Zawya.com is a financial and business news website owned by Refinitiv Limited, an LSEG company. Founded in 2000 in London and relocated to Dubai in 2002, Zawya.com pioneered the concept of online subscriptions in the Middle East and has created profiles of thousands of companies, financial data, and projects. The company developed a large client base over the years before Thomson Reuters acquired it in June 2012.
Since its start as a company directory, Zawya has provided real-time and up-to-date financial data and free aggregated news, while the premium data and content were offered through premium membership. After its merger with Thomson Reuters in 2012, it began to produce its own non-aggregated original news stories, industry insights and analysis, which expanded over time with the addition of more journalists, freelance writers and subject-matter experts.
Zawya is now a leading financial and business news and insights provider in the Middle East, with over 2 million page views from a global audience. Its coverage spans the GCC countries, mainly Saudi Arabia and the UAE, as well as Egypt and the rest of the Arab world, in addition to India, China, the US and Europe via two websites, one in English and another in Arabic, with further plans to expand into other languages.
A new challenging world
Among the challenges facing online news publishers is competition with social media and citizen journalism. Zawya needs to maintain credibility and reader trust as a reputable publisher; Zawya’s principles, inherited from Thomson Reuters, and its strict rules for impartiality and neutrality in all coverage mean that rumours never influence its stories. A story can go online only when its accuracy has been verified 100 percent, even if, as on many occasions, this translates into publishing after social media has broken the news.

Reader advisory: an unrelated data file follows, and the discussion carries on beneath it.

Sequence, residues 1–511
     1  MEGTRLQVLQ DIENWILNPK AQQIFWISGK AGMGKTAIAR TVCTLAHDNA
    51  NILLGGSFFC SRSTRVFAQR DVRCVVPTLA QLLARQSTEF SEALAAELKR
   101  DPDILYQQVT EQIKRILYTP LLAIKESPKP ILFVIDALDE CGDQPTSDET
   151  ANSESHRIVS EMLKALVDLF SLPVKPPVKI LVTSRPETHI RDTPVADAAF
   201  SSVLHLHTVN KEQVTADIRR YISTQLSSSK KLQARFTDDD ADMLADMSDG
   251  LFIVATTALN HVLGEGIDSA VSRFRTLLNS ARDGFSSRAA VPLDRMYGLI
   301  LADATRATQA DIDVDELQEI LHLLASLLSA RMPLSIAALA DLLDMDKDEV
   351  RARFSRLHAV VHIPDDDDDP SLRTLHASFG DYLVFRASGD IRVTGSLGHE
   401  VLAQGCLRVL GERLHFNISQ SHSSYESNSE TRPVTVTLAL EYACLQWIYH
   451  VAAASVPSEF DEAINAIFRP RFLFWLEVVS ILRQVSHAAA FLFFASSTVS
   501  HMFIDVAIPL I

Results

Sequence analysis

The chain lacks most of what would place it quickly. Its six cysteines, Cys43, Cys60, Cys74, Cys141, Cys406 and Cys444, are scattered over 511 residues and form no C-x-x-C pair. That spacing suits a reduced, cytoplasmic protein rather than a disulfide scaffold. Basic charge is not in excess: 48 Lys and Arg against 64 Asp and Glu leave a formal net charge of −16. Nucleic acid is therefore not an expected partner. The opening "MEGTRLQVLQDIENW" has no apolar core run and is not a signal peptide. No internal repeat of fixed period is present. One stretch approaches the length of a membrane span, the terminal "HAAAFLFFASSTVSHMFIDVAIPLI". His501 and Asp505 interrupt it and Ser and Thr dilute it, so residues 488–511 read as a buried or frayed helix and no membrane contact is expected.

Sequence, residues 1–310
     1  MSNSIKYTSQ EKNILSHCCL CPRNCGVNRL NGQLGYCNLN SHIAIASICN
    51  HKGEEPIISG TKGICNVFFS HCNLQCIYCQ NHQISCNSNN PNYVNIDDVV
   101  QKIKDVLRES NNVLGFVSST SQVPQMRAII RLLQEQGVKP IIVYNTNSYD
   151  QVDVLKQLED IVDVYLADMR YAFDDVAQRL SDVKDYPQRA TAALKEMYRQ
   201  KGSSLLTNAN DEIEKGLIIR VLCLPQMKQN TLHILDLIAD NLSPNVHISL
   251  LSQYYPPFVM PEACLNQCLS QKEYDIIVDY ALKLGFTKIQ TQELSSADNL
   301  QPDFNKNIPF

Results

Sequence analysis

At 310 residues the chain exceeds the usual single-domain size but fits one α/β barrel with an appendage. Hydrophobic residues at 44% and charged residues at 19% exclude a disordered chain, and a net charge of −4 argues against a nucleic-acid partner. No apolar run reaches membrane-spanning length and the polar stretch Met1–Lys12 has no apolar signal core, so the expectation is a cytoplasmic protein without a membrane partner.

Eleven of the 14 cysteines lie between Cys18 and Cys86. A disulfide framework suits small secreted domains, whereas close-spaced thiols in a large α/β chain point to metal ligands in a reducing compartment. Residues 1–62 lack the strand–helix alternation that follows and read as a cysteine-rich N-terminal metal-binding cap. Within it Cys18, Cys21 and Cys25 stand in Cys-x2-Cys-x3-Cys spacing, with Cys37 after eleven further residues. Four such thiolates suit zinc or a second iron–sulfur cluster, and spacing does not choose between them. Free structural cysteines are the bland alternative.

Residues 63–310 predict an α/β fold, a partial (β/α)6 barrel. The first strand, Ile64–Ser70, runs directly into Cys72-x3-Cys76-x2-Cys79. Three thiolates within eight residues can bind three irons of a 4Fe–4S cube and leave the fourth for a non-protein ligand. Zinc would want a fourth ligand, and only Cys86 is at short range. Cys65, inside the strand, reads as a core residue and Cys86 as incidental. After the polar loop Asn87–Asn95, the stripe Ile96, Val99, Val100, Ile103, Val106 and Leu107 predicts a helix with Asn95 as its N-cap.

Another challenge was the reduced attention span of the digital audience. Zawya realised very quickly that over the last decade, the general audience has been flooded with information and news and that the average attention span is shrinking by the year: according to a study by Microsoft, human attention has decreased from 12 seconds to 8 seconds. Keeping visitors engaged enough to read the whole story has become a real challenge. In response, Zawya has moved to shorter stories with lower word counts and created more engaging content such as videos, infographics and animations while heavily leveraging social media to engage its audience. These content types have proven to be very popular but are also expensive and time-consuming to produce.
Zawya has also realised that technology is paramount for a news publishing company. Being able to reach readers with a stable and agile platform is vital. The way a publisher engages with their audience and appears on social media can really drive the success of a media company.
Changing technology: build or buy?
The various acquisitions and shifts in Zawya’s history have resulted in the need for technology upgrades, migration onto new servers and shutting down of old ones. Zawya’s legacy content-management system wasn’t built for news publishing. Though a highly customised system with many features, it was developed with what is now considered obsolete technology, which meant that it was difficult to add or change anything or to find developers who still could work with this code. In addition, everything was hardcoded. Hence, adding or implementing new features was a real challenge and a time-consuming process.
For these reasons, Zawya needed to migrate to new technology and to find someone who understood their editorial needs.
A scouting process started, and Zawya identified a few solutions and possible partners. Many didn’t have an off-the-shelf solution but offered to build a Content Management System (CMS). Given its previous history with a custom-built solution, this was a route Zawya didn’t want to pursue.
Walid El-Tigi, Head of Editorial Content, Refinitiv, said. “Finally, we came to find Atex and discovered that they are specialised in publishing and have ready platforms that need minimal modifications.”
Purchasing an off-the-shelf solution like Atex, Zawya didn’t need to hire a technical team; instead, it could focus on content and quickly customise a highly scalable CMS. After six months of intensive work and daily meetings between the Zawya editorial and product team and Atex engineers, the new platform was live.
“The move was seamless,” said Walid El-Tigi.